What to Know
- "Buy here, pay here" used car dealers in California must offer a 30-day / 1,000-mile warranty on all vehicles sold
- Dealerships that provide most of their own financing / take payments directly from customers are considered "Buy Here, Pay Here"
- Car buyers who are entitled to a warranty but don't get one should contact California DMV, and may be able to seek legal relief
Used car buyers can feel helpless when their vehicle breaks down, sometimes days or even hours after purchase. What many may not know is a California law requires certain car dealerships to fix all problems that arise within the first few weeks.
A 2013 law passed by the California Legislature updated civil code and instructs a certain subset of used car sellers, known as "buy here, pay here" dealers, to offer a warranty for 30 days or 1,000 miles driven, whichever comes first, on all vehicles they sell. The warranty must cover essential components, such as the engine, transmission, brakes, steering and most electronics. If the dealer is unable to repair problems that arise in the first 1,000 miles or 30 days, it must offer the customer a refund on their purchase.
The law was written to help drivers like Jonathan Frye. He found a 2006 Audi A6 Quattro online and decided it was his dream car.
"I wanted it bad," Frye said. "I went and tried to scrape up everything I could to get it."
Frye drove across the bay from his San Francisco home to Phantom Motors in Hayward to buy the Audi. But problems started as soon as he left the lot -- literally.
"In the process of me going home, the check engine light came on," Frye said. "On my way home from the dealer."
Frye took the Audi back for repairs the following weekend. After a long wait, he said Phantom Motors told him it was fixed.
"On my way driving home, guess what happened?" Frye said. "[The check engine light] came back on again. So here we go again. Repeat story. Rewind."
Frye said he took the car back a second time and a third, with the problem resurfacing every time. His dream car had become a four-door nightmare.
Frye told NBC Bay Area he didn't know about the California law that requires "buy here, pay here" dealers to provide all buyers a written warranty. Consumer attorney Mark Anderson says that's part of the problem.
"A lot of people, I think, don't know they have rights," Anderson said.
Anderson sues car dealers. He says many "buy here, pay here" lots don't tell customers about that warranty.
"Luckily, the law is written with that problem in mind," Anderson said. "The civil code section that applies says even if a car dealer didn't give the person a written warranty, they are deemed to have done so by operational law."
We wanted to see for ourselves whether the law was being followed. NBC Bay Area visited several "buy here, pay here" lots around the Bay Area and checked the Buyers Guides -- the window stickers that provide legally required information about every car sold.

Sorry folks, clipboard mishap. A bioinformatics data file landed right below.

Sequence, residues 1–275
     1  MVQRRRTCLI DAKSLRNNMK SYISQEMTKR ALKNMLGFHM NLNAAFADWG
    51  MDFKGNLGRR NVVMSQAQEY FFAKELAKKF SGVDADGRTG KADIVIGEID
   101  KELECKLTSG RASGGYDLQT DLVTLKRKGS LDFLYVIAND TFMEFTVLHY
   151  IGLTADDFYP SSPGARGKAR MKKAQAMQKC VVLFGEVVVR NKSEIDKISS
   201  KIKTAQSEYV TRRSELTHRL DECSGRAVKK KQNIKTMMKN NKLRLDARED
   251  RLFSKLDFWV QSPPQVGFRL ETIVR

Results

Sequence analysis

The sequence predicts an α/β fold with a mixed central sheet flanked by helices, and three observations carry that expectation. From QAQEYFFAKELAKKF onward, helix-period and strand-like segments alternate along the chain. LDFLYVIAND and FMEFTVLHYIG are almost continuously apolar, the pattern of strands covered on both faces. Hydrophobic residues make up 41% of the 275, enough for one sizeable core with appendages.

Some dealers we visited did check the warranty box. But others checked "As-is - no dealer warranty."
Anderson says those dealers are breaking the law and stiffing customers. "They're misrepresenting the fact that there is a warranty," he said.
The California Department of Motor Vehicles is empowered to make sure "buy here, pay here" used car lots offer you that warranty. NBC Bay Area asked the DMV for any records of enforcement action. The agency told us it issued eight warnings to dealers in 2013 and one in 2014 but not a single one since.
Consumer advocate Rosemary Shahan says that is unacceptable. Shahan helped write the warranty law, and she says the DMV needs to do more to protect and inform car buyers.
"The DMV should issue a rule requiring the 'buy here, pay here' dealers to report to the DMV, 'I’m a buy here, pay here dealer', and then publish those names online," Shahan said.
With or without help from regulators, car shoppers should be cautious when buying any used vehicle. Always research cars and dealerships online; ask for a vehicle history report; and get everything in writing. Read the sales agreement carefully before you sign it. Anderson says you should also have a mechanic look under the hood.
"Ask the dealer who's selling it if you can take the car and have it inspected somewhere else," he said. "No one ever does that."
Shahan says consumers who believe they were ripped off by a used car dealer need to speak up. "They should complain to the DMV," she said. "They should complain to their member of the California Legislature and tell them to get on the DMV's case. And they should get some legal advice from an auto fraud attorney."
That's what Frye did. He's suing Phantom Motors, and he's gone back to driving his old Mitsubishi SUV.
"I've had that car for seven years," Frye said. "Guess how many times it's been in the shop? Once, for a tune-up. That's it."
NBC Bay Area invited Phantom Motors to talk with us. Instead, the dealership sent us a written statement, which reads in part:
"For the record, we are committed to providing a transparent, responsible, and mutually beneficial service of car sales to the public, respect, and at all times attempt to comply with, the applicable State of California rules, but, consistent with the pending litigation, and with our attempts to resolve and settle same, cannot, at this time, provide anything further re this specific transaction."